Monday, February 14, 2011

Lovie Dovie Chocolate Pie Part Deux

If I messed this up somehow I'm not sure where. It sure looks like it turned out alright, but this being my first cream pie, I won't call this a success until it's been devoured and enjoyed. Let's start where I left off last.

The Crust

I will admit my first mistake in this endeavor. The problem with a blog and being truthful to it is that I'd like to edit my life and take out those mistakes that you don't want people to know about. Everyone would love to pretend that they do everything perfectly all the time. But since I'm new to cooking and baking, and that's no mystery, I have decided to own up to those little mess ups and hopefully you won't give me too much grief about it!

Now, back to the crust. The problem that I had to begin with was the same problem that I had with other crusts I've made in the past. I never seem to have enough dough. (Now, this wasn't dough but I'm not sure what else to call it so just go with it!) My pie dish that was so lovingly bought for me is slightly bigger than the average. Or maybe I'm just terrible at mixing pie crust recipes. Whatever the case, I had just a little less of the oreo mix than I probably should have and my crust didn't look exactly like the picture. But oh boy did it smell good! I figured it was too late to try to make a new crust, especially since I used so many oreos, and I decided to move forward.

The Prep

There was a lot of prep for this pie, and I'm kind of a messy person. My "mise en plase" is something I'm still working on achieving perfectly. But nonetheless, I chopped the 6 oz of semi-sweet and 1 oz of unsweetened chocolate into a pretty little pile. I also separated the yolk from the white of 6 different eggs. Luckily this is a skill my mother taught me when I was younger so it was pretty easy. Oh, and I did all the other stuff.

The Recipe

I should note that the recipe I'm using for my pie is from The America's Test Kitchen Family Cookbook. Now some people might think this is cheating. I get it. America's Test Kitchen has done all the hard work of playing around with recipes and finding out what works best and what doesn't. But since I am new to cooking, I love this book. It helps me to teach myself the basics of cooking, and after I've mastered the recipe in the book, then I like to go on and play around with ingredients and different recipes. That's how I roll.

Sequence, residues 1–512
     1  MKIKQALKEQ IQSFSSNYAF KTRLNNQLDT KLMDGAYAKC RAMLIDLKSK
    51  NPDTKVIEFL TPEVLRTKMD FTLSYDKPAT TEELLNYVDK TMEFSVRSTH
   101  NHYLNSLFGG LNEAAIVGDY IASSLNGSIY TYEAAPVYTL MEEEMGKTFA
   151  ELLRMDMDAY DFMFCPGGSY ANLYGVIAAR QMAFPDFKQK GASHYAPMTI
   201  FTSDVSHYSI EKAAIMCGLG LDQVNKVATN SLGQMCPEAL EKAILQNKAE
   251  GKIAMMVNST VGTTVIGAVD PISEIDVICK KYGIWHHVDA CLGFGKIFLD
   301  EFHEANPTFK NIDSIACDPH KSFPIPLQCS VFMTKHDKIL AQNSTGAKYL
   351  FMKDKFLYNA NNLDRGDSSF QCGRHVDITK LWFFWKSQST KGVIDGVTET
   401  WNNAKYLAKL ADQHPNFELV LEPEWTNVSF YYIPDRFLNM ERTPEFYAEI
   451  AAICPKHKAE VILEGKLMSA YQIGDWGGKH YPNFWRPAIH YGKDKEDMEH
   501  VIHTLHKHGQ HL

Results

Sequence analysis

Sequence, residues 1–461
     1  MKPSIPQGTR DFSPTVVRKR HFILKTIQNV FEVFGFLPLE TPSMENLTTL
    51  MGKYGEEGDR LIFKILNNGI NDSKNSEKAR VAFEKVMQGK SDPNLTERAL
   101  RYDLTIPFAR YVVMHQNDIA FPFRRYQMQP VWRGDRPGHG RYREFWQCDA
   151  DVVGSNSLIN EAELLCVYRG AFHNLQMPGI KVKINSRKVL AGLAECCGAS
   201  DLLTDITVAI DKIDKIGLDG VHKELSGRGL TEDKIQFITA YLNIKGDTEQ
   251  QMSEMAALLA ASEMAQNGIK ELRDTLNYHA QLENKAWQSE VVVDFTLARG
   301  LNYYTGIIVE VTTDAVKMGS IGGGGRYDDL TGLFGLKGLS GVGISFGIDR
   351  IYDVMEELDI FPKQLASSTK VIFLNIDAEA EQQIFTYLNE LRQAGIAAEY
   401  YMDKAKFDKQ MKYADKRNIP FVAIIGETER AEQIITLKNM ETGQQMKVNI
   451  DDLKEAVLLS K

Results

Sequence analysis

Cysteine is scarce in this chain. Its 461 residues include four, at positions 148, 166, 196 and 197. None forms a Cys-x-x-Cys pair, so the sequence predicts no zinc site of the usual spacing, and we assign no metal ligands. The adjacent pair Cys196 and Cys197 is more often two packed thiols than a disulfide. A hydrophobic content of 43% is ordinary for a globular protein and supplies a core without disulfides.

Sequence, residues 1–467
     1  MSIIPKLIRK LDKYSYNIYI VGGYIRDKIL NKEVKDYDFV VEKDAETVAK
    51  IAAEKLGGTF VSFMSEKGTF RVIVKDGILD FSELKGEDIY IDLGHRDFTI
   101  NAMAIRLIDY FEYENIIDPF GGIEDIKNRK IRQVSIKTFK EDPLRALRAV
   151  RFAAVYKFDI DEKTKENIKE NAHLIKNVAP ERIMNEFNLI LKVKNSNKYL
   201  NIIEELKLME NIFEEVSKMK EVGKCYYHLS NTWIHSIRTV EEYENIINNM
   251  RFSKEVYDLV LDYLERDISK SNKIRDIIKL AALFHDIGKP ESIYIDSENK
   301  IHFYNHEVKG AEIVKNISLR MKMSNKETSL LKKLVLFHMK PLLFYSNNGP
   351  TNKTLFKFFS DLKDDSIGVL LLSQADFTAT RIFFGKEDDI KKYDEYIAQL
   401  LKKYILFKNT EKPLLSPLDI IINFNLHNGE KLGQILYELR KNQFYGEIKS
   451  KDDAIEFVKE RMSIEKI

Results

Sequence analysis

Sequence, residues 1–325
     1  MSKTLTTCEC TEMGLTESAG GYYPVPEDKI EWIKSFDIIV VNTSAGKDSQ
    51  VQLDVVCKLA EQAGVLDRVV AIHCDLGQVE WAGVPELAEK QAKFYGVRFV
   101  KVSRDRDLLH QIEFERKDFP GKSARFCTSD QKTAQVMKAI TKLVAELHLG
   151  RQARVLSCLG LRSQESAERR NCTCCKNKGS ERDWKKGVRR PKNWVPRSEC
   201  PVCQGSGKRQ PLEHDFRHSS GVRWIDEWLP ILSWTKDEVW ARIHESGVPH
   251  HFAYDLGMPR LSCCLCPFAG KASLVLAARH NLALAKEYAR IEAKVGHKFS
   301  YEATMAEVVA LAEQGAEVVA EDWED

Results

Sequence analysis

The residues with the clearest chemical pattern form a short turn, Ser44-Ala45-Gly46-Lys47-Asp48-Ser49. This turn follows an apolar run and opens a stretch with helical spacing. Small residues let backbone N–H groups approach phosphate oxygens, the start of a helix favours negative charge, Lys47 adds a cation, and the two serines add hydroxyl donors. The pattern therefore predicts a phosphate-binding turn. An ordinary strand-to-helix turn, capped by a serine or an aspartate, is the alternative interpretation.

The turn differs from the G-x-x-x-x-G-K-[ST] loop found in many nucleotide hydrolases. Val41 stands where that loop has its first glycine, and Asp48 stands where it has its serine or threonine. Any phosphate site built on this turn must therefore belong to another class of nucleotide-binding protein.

Anyways, my next move was to warm up half-and-half, sugar and salt on the stove. At the same time as I did this, I had to whisk the egg yolks, more sugar and cornstarch together. I did this in my handy KitchenAid mixer that I am absolutely in love with. Seriously. My mother gave it to us a couple years ago for Christmas and it has been one of my favorite things in my kitchen ever since.

Pay no attention to the shoes in the background. Or the fact that my mixer looks like it's going to fall off the counter.

So I mixed these simultaneously, trying to keep an eye on both things as to not mess it all up. Luckily I had read ahead in the recipe for the next part. This was the part I was afraid of. Mixing the hot mixture with the egg mixture. I've heard horror stories about curdled custard to the point where I almost didn't want to venture in this area. But the cookbook gave me the tips I needed to avoid this nasty occurrence. What you do is you take about a cup of the simmering half-and-half mixture and slowly add it to the egg mixture. Then, once that has been mixed well, you add the entire egg mixture slowly back into the saucepan.

Once it was all back in the saucepan, I had to continue to whisk it on heat until it got nice and thick. Then I added chopped up butter, chocolate and a bit of vanilla extract, one at a time and it turned into this . . .

Now this might not look as beautiful to you as it does to me, but when my creation turned into something somewhat similar to chocolate pudding, I was jumping up and down with joy. Oh and whisking at the same time.

Oh yes, beautiful!

 After I got over the initial shock that I might have done this whole thing correctly, I had to pour the delicious chocolate mixture into my somewhat correctly done pie crust. 

 Just ignore the slightly awkward crust.

The last part of this process was to cover the pie and refrigerate it for at least 3 hours. The recipe told me to "lay a sheet of plastic wrap flush to the surface of the filling to prevent a skin from forming". I laughed to myself as I pulled the plastic wrap from the cupboard it was hiding in, as I remembered my husband battling it this very morning while trying to wrap up his lunch for today. Slightly afraid that the plastic wrap might seek vengeance on my pie, I tentatively covered it.

And there you have it! The pie is resting in our refrigerator as we speak. (Or type, I guess.) My next move is to mix up the topping for this beauty. The topping is a mixture of heavy cream, sugar and vanilla extract. The cookbook says to "spread the whipped cream attractively over the top of the pie." It's that word attractively that concerns me. I've gotten better at decorating with frosting, especially with the decorator bag my mother-in-law gave me for Christmas this year. But this looks like it could be tricky. I bought extra chocolate to decorate with just in case I need to cover up some whipped cream patches.

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